Dave Schuit, a beekeeper who produces honey in Elmwood, Canada, claims that since GMO corn was planted in the nearby area, his farm has lost around 37 million bees (approximately 600 hives). According to reports, Schuit and other local beekeepers believe neonicotinoids, or “neonics” are to blame for the influx of bee deaths.
“Once the corn started to get planted our bees died by the millions,” Schuit said.
In Europe, the use of neonicotinoid class of pesticides has been reomoved from the market because they contaminate pollen and nectar, which ultimately damages and kills pollinators and other insects. However, despite the obvious dangers this chemical can cause, in the U.S the chemical is still widely used across the country.
Imidacloprid and Clothianidin, two of Bayer CropScience’s most widely used pesticide, both contain neonics and have been linked with many large-scale bee ‘die-offs’ in both European and U.S. countries. However, despite the dangers associated with the use of this chemical, the pesticides are still regularly used and sold on the market.
Despite their size, the impact bees have on the environment is almost unparalleled. In fact, bees are responsible for pollinating about one-sixth of the flowering plant species worldwide and approximately 400 different agricultural types of plant.
In 2010, bees helped provide over $19 billion worth of agricultural crops in the U.S alone – estimated to be roughly one third of the food we eat. As a result, it is not hard to see that bees are needed to sustain our modern food system.
However, despite their obvious importance in our ecosystem, bee populations have been rapidly dropping over the past few decades. In fact, 44 percent of honeybee colonies in the United States died off last year, the U.S. Department of Agriculture reported last month.
In the past, scientists have tried to conclude why bee populations are in rapid decline. While it is not been proven that pesticides directly kill the bees that come into contact with the chemical, many scientists believe there is a strong link between the use of the pesticide and a phenomenon they refer to as “colony collapse disorder” (CCD).
“We believe that some subtle interactions between nutrition, pesticide exposure and other stressors are converging to kill colonies,” said Jeffery Pettis, of the ARS’s bee research laboratory.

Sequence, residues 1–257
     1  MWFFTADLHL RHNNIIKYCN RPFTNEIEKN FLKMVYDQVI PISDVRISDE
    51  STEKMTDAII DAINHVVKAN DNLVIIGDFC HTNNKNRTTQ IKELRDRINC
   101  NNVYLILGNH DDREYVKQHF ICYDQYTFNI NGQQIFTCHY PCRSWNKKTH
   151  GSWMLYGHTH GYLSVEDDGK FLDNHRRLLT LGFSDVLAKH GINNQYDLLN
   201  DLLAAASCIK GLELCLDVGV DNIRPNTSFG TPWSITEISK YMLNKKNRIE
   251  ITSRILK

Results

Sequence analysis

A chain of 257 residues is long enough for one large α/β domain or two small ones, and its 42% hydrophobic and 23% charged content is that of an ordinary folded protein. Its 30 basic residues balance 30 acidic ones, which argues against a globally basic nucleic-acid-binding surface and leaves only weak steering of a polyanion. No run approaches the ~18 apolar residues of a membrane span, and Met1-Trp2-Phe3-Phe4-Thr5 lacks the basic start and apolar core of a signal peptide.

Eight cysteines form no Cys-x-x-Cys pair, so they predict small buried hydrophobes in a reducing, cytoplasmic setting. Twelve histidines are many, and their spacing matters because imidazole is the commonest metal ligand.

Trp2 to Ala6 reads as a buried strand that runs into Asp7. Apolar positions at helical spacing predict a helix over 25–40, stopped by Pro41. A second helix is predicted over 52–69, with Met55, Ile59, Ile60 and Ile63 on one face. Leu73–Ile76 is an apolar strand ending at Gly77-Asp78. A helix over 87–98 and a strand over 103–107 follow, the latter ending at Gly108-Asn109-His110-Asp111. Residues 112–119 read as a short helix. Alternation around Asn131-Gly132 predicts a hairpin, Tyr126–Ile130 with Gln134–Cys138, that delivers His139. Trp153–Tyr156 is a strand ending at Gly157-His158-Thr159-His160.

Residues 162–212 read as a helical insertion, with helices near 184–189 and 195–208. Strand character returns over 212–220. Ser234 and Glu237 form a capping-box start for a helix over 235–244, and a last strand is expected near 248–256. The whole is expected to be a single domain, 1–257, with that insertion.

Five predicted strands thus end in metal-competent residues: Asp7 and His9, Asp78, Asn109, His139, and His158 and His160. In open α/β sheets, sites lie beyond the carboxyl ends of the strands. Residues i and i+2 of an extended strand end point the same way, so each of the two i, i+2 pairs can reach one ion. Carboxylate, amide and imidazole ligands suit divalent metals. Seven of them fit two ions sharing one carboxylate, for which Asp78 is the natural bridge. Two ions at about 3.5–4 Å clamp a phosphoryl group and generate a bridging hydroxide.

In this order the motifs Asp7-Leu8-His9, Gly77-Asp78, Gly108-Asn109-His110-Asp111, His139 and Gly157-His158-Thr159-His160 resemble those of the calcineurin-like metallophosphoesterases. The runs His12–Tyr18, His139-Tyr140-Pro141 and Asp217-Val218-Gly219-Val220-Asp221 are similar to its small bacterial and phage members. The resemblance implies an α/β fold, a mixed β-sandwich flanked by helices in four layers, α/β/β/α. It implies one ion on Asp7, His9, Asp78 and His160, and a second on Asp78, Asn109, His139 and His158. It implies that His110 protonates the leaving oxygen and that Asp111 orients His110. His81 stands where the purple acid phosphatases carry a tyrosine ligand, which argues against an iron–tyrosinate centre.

While the cause of CCD is still widely debated, some believe that “the neonicotinoid pesticides are coating corn seeds, and with the use of new air seeders, are blowing pesticide dust into the air when planted.”
However, according to a new study published in the Journal Proceedings of the National Academy of Sciences, neonicotinoid pesticides kill honeybees by damaging their immune system and making them unable to fight diseases and bacteria.
Although we are unable to definitively determine what is causing the terminal decline of bee populations around the world, using all the scientific evidence that is currently available, it is clear that pesticides are having a significantly negative effect on bee populations.
In fact, it seems more and more countries are also beginning to accept this idea. Canada has banned the use of Imadacloprid on sunflower and corn fields; France has rejected Bayer’s application for Clothianidin; Italy has now banned certain neonicotinoids; and the European Union has banned multiple pesticides.
At this moment in time, EU scientists are reviewing the EU-wide ban on three neonicotinoid pesticides. By the end of January 2017, the EU scientist will finish their risk evaluation and determine the status of the chemical.
Although the United States have yet to follow suit, several states – including California, Alaska, New York, and Massachusetts – are currently considering legislation that would ban neonicotinoids. In fact, just last month Maryland came the first state to pass a neonic-restricting bill; Maryland’s Pollinator Protection Act has eliminated consumer use of neonicotinoids in the state.
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